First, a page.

The technology of cable television is advancing rapidly. Of prime importance to cable television in the 1970s will be the development of two-way interactive communication services on cable systems. This report describes that development; the technical, economic, and regulatory forces that influence it; and the public policy issues that it raises. This report has been written for several distinct groups of readers. Those concerned chiefly with broad policy questions may wish to read only the summary, the introduction, and the final section on policy issues posed by the evolution of two-way services on cable. Readers who want a more detailed description of potential services, including the "subscriber response services" that seem most likely to be feasible in the next five years, should also read Sections ii and iii. Those interested in the near-term economics of this group of services should focus on Section iv. Finally, readers interested in the present status of two-way cable television will find a discussion of recent field tests and demonstrations in Section V. (Author)
Price caps in telecommunications regulatory reform by Leland L Johnson( Book )

2 editions published in 1989 in English and held by 92 WorldCat member libraries worldwide

Television news and local awareness : a retrospective look by William A Lucas( Book )

1 edition published in 1975 in English and held by 91 WorldCat member libraries worldwide

The interplay of work group structures and computer support by Tora K Bikson( Book )

5 editions published in 1991 in English and held by 89 WorldCat member libraries worldwide

When members of task groups communicate through computers instead of traditional means, much about the group could change: group structure, intensity of communication, interaction across physical barriers, and the work process. This chapter probes these issues by reviewing a year-long field experiment among active workers and retirees planning a company's retirement policy. The study shows many effects of computer communication. Among other findings, the study shows that computer communication can help reduce barriers to social interaction in distributed work groups and can broaden leadership roles. How are task groups affected, if at all, by access to computer-based communication capabilities in addition to conventional communication media? What happens when the infrastructure for shared work is built on cables, microprocessors, and screens along with corridors, meeting rooms, and blackboards? How, if at all, does networked information technology affect group structures and interaction processes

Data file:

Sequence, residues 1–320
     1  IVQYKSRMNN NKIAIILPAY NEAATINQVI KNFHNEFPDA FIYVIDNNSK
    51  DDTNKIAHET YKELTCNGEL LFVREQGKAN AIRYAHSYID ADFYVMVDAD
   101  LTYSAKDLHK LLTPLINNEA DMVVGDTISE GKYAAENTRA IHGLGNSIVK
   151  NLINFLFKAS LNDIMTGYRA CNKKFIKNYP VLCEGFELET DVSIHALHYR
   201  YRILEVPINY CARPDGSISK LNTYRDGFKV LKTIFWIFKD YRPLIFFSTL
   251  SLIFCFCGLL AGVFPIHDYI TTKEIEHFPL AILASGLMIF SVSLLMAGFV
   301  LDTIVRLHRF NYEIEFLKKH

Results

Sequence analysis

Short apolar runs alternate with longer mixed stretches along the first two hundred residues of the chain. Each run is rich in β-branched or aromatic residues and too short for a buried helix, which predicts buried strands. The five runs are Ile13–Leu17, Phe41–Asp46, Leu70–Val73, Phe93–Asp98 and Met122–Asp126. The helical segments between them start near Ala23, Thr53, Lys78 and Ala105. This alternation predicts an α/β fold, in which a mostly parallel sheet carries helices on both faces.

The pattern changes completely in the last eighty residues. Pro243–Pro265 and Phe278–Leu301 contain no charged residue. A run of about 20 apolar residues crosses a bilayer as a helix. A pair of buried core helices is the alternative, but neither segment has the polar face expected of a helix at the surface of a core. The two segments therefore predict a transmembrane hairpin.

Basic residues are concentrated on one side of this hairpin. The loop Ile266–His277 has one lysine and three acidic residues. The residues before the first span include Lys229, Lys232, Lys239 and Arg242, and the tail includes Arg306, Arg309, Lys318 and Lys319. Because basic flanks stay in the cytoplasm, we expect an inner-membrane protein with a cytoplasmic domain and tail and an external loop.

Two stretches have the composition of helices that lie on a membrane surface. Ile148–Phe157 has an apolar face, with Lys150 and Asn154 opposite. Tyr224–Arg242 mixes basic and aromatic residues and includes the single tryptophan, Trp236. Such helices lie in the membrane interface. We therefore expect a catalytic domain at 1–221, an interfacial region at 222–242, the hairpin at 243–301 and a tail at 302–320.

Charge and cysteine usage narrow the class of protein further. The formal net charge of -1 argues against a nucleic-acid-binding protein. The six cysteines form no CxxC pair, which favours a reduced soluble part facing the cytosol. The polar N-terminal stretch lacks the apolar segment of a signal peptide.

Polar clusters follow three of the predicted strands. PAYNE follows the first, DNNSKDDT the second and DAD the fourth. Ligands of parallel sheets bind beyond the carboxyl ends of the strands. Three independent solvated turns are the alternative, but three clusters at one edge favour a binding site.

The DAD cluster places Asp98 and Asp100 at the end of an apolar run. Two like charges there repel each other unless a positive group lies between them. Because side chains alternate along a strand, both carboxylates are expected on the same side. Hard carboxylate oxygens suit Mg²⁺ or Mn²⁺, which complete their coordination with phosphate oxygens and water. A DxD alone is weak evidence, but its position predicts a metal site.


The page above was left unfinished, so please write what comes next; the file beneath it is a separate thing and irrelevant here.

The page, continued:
Cable television and higher education : two contrasting experiences by Leland L Johnson( Book )

2 editions published in 1971 in English and held by 89 WorldCat member libraries worldwide

In assessing the possibilities of using cable television to serve the needs of higher education, it is useful to examine the experience already accumulated by educational institutions in the use of cable channels. Two particularly interesting cases are those of Oregon State University (osu) and the University of Oregon. Osu employs its cable channel nearly full-time during the day to televise course presentations (largely of scientific and engineering subjects) to students both on and off campus. Enrollments in these televised courses has grown to 8,500 students annually. The rationale for employing the cable channel is to save money and classroom space. The University of Oregon employs its channel, not to present course materials directly, but to supplement and enrich live course presentations in the classroom by providing programming at the request of individual faculty members. In addition, the channel provides a daily message service, an information service as an integral part of the University's registration procedures, and local community programming. A possible explanation for the University of Oregon's lack of televised course presentations is that the school is largely a liberal arts school and neither the courses nor the faculty are amenable to the idea of new technology. (Jy)
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Citizens, computers, and connectivity : a review of trends
Big Bird and beyond : the new media and the Markle Foundation
Alternative Names
Markle Foundation

Markle (John and Mary R.) Foundation

English (65)